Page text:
In a hotel ballroom blocks from the state Capitol, nearly three dozen wanna-be legislators gathered recently to learn the ways of Sacramento.

They were members of city councils and school boards up and down California, ranchers and attorneys, Republicans and Democrats, moms and dads – all candidates for the Legislature who’d signed up for this crash course in how things really work.

High on the agenda: money.

“If you simply take the time and the courtesy to have a conversation with us, and figure out where we agree and where we don’t agree, you might avoid a multimillion dollar I.E. (campaign) against you,” Carlos Marquez, political director of the California Charter Schools Association, said to the roomful of candidates.

“I think that goes for a lot of the folks here,” he said, gesturing across the panel leading a session called, “How to ace a PAC interview.”

Their talk about “I.E.” – it stands for “independent expenditures” – was the insider way of saying: It’s not just you against your opponent. We can be a major player in your race by communicating to voters about you – good or bad.

State law caps the amount donors can give to a candidate. But donors can spend unlimited sums to support or oppose a candidate by giving to an independent expenditure committee. And just as the “super PAC” has become a growing force in presidential races, these limitless campaigns paid for by interest groups in Sacramento are taking on a larger role in legislative races.

Campaigns run by candidates for state Senate and Assembly last year raised $157.5 million – a record-setting sum and a 14 percent increase from the prior election. But the money spent by independent expenditure committees increased at a far steeper clip. Spending by independent committees affecting legislative races was up by 37 percent last year, according to calculations by MapLight, which studies money in politics. Those groups – an assortment of labor unions, corporations and professional associations – spent more than $53 million.

Put another way: Independent expenditures now make up one-fourth of all the money in legislative races in California – up from 7 percent in 2002. And in competitive races where the independent groups are most active, their campaigns sometimes outspend the candidates themselves.

Portion of campaign money in California legislative races that is spent by independent expenditure committees (IE’s) vs. raised directly by candidates Source: MapLight and California Secretary of State

“Conventional wisdom is that the candidates are running their show,” said Mike Madrid, a Republican political consultant who helped create the nonprofit Leadership California Institute that put on the candidate training in Sacramento.

“What this tells them is that with the system we’ve got, that’s really not always the case. Very often, because there is so much money moving around the campaigns (in the form of) independent expenditures, the candidate is the least in control.”

Sen. Ben Allen, a Democrat from Santa Monica, got a taste of that when he ran for state Senate last year in a race that attracted $2.7 million in independent expenditures. Business groups that wanted him to win sent voters a mailer slamming his opponent. Allen had no input, and it wasn’t the kind of campaign he intended.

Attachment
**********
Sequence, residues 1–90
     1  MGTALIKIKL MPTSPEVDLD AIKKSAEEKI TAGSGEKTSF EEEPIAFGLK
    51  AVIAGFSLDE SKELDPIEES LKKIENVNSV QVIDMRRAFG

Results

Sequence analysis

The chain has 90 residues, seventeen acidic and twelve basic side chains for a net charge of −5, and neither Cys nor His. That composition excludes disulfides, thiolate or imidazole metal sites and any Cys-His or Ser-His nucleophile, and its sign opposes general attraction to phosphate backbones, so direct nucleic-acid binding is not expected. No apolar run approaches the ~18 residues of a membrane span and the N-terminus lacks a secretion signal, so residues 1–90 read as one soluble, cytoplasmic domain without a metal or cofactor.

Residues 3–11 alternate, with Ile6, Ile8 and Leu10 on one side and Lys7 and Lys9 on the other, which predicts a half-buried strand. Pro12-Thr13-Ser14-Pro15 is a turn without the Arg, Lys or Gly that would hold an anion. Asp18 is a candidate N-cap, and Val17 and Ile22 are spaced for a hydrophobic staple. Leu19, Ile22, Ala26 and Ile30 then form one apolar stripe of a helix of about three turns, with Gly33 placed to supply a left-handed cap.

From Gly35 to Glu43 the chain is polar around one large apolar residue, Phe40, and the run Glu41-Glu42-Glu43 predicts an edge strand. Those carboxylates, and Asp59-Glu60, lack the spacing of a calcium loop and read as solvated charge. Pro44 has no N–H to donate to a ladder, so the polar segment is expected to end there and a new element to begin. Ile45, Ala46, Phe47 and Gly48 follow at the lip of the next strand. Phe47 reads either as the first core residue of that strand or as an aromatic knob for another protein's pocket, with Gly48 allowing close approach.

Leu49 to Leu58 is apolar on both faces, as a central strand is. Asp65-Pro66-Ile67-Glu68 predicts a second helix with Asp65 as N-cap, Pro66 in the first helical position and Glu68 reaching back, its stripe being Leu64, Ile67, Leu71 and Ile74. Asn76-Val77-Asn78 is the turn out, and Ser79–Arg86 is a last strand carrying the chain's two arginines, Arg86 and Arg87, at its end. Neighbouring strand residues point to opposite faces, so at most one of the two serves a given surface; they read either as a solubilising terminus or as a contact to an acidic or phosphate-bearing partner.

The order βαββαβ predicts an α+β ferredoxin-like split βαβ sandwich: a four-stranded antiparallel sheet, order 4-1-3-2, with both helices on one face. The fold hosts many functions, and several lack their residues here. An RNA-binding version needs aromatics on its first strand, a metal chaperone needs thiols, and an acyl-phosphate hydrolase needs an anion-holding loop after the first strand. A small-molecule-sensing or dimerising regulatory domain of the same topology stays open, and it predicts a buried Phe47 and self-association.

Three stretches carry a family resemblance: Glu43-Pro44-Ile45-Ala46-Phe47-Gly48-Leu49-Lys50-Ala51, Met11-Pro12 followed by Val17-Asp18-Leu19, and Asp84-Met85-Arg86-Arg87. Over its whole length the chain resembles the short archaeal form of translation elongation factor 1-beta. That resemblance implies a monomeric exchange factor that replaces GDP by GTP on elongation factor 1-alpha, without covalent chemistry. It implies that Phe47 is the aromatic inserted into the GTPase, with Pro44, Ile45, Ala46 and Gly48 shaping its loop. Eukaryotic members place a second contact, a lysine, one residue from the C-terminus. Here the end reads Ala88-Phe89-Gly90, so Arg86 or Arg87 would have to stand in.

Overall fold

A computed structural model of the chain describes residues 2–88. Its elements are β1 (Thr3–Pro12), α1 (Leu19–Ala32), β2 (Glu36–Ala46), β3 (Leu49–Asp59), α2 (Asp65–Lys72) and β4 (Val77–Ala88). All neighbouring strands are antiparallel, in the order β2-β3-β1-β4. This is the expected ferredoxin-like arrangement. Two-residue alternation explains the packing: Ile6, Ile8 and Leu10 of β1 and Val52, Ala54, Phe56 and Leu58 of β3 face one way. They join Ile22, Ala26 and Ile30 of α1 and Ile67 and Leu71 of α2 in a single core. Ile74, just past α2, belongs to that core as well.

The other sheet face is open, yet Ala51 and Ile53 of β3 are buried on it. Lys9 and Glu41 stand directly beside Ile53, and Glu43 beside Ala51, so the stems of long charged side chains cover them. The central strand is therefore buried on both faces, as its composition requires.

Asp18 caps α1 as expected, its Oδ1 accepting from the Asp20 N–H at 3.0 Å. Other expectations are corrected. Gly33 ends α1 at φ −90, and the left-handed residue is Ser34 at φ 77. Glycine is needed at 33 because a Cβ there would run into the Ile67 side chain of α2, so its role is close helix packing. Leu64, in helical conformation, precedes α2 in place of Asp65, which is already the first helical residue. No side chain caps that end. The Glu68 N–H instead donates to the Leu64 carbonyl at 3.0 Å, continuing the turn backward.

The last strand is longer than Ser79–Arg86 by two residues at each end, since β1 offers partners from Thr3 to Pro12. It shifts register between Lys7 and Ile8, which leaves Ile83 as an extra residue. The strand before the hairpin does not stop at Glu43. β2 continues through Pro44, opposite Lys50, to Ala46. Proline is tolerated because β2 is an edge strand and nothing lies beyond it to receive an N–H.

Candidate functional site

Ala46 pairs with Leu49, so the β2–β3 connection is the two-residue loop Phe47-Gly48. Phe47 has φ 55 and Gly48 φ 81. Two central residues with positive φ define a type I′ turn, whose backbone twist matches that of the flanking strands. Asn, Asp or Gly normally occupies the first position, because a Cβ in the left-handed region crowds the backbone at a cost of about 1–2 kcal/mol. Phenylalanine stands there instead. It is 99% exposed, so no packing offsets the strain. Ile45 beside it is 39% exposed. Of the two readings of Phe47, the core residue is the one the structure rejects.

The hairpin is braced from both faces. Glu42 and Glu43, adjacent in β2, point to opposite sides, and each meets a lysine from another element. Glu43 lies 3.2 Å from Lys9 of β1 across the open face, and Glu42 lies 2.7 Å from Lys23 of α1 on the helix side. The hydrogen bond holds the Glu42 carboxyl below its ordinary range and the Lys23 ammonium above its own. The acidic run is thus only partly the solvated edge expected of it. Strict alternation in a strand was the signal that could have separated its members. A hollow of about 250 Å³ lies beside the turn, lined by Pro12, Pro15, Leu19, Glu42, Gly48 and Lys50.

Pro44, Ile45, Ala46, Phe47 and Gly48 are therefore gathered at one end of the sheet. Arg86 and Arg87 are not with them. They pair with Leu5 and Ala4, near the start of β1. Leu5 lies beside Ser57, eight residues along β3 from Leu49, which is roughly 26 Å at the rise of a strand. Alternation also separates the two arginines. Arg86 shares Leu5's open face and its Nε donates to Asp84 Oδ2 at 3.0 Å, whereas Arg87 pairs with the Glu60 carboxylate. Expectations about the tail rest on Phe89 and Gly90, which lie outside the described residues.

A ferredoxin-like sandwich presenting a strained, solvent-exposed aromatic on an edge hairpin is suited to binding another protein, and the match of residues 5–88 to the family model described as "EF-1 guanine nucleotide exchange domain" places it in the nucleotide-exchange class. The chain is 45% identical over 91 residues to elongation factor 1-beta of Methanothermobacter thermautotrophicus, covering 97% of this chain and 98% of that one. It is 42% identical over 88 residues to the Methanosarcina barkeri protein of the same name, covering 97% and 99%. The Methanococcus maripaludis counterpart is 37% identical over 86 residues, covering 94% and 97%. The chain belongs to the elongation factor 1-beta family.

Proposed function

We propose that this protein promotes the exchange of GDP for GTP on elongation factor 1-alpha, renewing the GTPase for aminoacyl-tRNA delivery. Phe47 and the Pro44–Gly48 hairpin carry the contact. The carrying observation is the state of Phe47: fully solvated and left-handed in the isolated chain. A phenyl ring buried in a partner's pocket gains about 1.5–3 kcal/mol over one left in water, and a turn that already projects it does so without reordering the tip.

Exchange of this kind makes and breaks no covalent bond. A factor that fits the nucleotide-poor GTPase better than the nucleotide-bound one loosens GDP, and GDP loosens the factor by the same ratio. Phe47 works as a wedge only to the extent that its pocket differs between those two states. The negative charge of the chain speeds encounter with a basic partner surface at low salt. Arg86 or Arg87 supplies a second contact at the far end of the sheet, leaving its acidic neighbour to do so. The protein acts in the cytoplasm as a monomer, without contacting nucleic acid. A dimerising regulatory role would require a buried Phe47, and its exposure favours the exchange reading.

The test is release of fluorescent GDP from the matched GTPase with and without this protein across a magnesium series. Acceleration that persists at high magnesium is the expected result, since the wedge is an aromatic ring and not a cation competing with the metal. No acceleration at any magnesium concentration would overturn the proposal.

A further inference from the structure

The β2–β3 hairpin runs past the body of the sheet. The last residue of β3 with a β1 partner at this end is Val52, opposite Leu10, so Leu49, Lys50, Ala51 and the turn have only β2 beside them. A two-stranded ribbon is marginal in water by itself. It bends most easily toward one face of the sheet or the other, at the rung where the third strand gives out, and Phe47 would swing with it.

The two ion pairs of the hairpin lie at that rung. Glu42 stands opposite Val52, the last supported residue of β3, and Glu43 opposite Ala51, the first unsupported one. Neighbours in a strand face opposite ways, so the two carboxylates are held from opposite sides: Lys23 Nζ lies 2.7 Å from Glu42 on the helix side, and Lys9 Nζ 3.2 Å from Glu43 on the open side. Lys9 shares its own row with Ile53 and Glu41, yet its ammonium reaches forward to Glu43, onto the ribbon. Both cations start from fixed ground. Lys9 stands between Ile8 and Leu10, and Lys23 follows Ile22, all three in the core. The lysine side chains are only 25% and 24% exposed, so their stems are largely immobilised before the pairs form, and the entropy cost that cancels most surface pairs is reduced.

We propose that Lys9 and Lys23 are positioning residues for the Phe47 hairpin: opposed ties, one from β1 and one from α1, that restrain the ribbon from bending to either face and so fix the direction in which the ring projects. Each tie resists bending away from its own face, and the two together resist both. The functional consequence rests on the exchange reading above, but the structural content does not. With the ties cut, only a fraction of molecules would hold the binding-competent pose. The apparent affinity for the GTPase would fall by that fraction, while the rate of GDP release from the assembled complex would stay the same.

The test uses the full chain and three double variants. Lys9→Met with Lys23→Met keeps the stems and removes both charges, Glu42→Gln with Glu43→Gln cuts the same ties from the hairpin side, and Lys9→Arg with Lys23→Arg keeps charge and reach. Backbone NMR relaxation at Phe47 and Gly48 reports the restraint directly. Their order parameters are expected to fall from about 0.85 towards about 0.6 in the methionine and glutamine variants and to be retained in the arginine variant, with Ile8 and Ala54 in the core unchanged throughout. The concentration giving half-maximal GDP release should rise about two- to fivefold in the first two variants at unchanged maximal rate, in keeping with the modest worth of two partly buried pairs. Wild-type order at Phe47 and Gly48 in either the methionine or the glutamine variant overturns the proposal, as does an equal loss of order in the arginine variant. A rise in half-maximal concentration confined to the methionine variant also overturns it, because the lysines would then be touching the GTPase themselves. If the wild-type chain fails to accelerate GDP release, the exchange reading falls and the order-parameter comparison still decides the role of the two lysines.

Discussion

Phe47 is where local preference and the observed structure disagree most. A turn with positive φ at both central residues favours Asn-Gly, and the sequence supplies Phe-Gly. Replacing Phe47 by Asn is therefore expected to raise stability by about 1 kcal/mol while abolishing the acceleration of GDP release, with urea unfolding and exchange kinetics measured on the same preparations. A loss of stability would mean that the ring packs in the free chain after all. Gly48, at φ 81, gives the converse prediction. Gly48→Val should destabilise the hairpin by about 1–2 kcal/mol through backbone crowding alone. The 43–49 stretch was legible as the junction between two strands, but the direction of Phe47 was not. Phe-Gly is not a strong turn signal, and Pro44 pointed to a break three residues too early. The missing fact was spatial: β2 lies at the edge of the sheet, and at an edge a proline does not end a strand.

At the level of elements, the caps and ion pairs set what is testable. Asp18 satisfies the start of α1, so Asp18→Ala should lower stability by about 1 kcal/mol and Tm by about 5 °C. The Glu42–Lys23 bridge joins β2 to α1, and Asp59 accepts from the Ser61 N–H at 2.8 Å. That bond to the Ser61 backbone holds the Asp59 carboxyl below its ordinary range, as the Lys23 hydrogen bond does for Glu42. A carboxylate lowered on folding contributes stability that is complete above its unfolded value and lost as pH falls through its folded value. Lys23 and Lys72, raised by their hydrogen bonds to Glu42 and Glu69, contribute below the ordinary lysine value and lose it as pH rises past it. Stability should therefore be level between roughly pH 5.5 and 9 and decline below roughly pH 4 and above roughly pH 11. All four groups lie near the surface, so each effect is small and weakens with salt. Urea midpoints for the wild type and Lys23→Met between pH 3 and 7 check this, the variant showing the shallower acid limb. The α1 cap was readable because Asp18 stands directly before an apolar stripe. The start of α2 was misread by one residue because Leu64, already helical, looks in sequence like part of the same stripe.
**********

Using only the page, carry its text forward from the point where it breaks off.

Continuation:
“I was committed to running a positive campaign, so anything that deviated from that positive message, I found problematic,” he said.

Assemblyman David Chiu (D-San Francisco) said he routinely encountered voters who didn’t know which ads came from him and which ones were from outside groups as he campaigned last year in a race that drew $1.8 million in independent expenditures.

“Campaigns are full of distractions and there is no doubt that outside spending adds to the fog of a race,” Chiu said.

Last month, Gov. Jerry Brown signed a bill that’s meant to add some clarity. It was carried by Assemblywoman Susan Bonilla (D-Concord), who ran unsuccessfully for Senate in a race earlier this year that saw $9.6 million in independent expenditures. Her Assembly Bill 990 — which went into effect as soon as Brown signed it — requires larger, bolder disclosures on campaign mail sent by independent groups, stating that the advertisement doesn’t come from a candidate.

Even so, the money in an independent campaign is hard to track. Typically several donors put money into a committee that then doles it out to help or hurt various candidates. But the money can pass through multiple committees before it’s spent, making it harder to discern the path of influence.

“The accountability behind that is much less,” said Jessica Levinson, a professor of election law at Loyola Law School. “We have candidate campaigns and then we have these shadow campaigns.”

The funders of those campaigns were frank as they addressed the candidates gathered in the hotel ballroom. The panel included representatives of big-money interests across the political spectrum: doctors, Realtors and labor unions.

Alma Hernandez, political director for the Service Employees International Union, drew nervous laughter when she told the room she loves reviewing “hit pieces.”

“Sometimes it’s a big win to keep SEIU out of your district,” she said.

The message wasn’t lost on Rajiv Dalal, a Democrat from La Canada Flintridge who is running for Assembly next year.

“None of us want to see outside money because we are all working really hard in the district to raise money and run great campaigns,” he said. “But they have their interests to protect in Sacramento and that was their tutorial on how they play.”

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Laurel covers California politics for CalMatters, with a focus on power and personalities in the state Capitol. She's been included in the Washington Post’s list of outstanding state politics reporters...